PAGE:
With the start of principal shooting being postponed, on average, every other week (that's what it's seemed, anyway) The Hobbit has looked like it's taking a whole-hearted shot at breaking records for the length of its stay in pre-production. Unfortunately, Guillermo del Toro, the director of the two Lord Of The Rings prequels being adapted from JRR Tolkien's novel, has decided that enough is enough, and left Middle-earth behind.
With financial issues at MGM leaving The Hobbit trapped in the same production limbo as the Bond franchise, del Toro has clearly decided that he'd rather get on with one of the other movies on his rather hefty development slate than hang around in New Zealand indefinitely – a massive shame considering we were really excited to see what del Toro was capable of when given free rein in Tolkien's world. On the plus side, del Toro will hang around in New Zealand a while longer to polish the two screenplays with Lord Of The Rings director Peter Jackson and his co-writers, Philippa Boyens and Fran Walsh.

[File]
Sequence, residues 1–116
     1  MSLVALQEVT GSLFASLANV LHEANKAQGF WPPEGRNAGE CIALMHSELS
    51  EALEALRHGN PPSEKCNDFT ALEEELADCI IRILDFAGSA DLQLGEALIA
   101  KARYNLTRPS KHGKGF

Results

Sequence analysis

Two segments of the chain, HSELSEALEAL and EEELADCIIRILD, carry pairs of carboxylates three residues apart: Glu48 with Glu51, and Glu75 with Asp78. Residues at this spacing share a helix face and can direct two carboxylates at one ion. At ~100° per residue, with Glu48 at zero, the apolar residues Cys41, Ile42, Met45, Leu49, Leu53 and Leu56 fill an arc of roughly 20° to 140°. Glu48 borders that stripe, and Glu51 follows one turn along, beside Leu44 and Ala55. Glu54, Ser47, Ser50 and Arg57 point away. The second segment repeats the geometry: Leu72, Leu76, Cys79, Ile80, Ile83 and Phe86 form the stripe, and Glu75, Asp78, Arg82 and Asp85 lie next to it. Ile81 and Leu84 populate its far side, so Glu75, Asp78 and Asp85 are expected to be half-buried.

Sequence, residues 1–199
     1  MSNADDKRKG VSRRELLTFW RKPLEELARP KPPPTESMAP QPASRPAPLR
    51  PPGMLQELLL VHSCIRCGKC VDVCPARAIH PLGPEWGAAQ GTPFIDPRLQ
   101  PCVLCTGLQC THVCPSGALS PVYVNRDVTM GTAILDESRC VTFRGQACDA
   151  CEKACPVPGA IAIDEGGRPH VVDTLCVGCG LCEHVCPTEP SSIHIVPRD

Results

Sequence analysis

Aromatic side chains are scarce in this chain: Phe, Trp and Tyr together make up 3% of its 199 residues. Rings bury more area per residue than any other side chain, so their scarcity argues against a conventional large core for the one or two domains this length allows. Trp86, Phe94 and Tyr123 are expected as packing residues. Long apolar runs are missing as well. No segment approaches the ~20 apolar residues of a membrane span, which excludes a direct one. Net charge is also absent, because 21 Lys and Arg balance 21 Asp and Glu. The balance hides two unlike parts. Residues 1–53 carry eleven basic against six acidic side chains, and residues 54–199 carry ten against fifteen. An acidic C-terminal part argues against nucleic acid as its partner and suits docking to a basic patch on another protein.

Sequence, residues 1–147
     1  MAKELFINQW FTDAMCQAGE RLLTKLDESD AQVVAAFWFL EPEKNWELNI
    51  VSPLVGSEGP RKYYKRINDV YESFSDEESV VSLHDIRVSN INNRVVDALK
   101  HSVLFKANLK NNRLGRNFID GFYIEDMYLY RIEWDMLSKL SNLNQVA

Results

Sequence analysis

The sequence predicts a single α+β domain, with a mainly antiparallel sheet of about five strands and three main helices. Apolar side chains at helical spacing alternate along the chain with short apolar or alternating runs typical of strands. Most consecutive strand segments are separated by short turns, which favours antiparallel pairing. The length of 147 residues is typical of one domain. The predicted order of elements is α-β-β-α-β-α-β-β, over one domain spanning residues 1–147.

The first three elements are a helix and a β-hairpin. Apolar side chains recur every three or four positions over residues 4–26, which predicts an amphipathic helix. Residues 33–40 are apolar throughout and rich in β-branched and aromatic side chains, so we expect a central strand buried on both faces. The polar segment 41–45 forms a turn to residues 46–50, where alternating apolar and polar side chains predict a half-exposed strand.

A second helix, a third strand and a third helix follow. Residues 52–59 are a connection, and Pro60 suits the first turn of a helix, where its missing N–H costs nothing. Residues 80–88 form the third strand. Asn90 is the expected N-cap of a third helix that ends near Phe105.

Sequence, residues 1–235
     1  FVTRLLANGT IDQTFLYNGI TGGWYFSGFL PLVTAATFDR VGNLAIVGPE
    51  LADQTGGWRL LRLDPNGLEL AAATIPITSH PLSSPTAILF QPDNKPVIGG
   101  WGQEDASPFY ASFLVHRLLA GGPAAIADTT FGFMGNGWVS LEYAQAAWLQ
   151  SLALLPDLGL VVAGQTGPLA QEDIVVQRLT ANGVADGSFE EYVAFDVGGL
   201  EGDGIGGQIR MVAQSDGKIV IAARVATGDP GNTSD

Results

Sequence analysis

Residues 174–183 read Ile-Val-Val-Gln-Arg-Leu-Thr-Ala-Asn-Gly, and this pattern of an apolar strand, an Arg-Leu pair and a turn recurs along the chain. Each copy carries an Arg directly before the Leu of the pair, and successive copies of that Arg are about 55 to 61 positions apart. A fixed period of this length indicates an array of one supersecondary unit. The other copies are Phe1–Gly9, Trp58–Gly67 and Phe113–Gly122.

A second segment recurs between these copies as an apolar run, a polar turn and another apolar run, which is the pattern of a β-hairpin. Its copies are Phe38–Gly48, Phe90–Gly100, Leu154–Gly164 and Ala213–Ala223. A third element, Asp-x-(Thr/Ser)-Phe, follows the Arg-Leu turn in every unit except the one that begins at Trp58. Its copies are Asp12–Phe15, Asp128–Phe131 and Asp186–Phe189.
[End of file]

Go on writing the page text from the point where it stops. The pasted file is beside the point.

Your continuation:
“In light of ongoing delays in the setting of a start date for filming The Hobbit , I am faced with the hardest decision of my life," del Toro tells TheOneRing.net. “After nearly two years of living, breathing and designing a world as rich as Tolkien’s Middle-earth, I must, with great regret, take leave from helming these wonderful pictures. I remain grateful to Peter, Fran and Philippa Boyens, New Line and Warner Brothers and to all my crew in New Zealand. I’ve been privileged to work in one of the greatest countries on earth with some of the best people ever in our craft and my life will be forever changed. The blessings have been plenty, but the mounting pressures of conflicting schedules have overwhelmed the time slot originally allocated for the project. Both as a co-writer and as a director, I wlsh the production nothing but the very best of luck and I will be first in line to see the finished product. I remain an ally to it and its makers, present and future, and fully support a smooth transition to a new director."
Now Jackson and co have the unenviable task of finding a man to step into del Toro's rather intimidating shoes. The two Hobbit movies are currently scheduled for release in December 2012 and December 2013, but frankly, we'll believe that when we see it.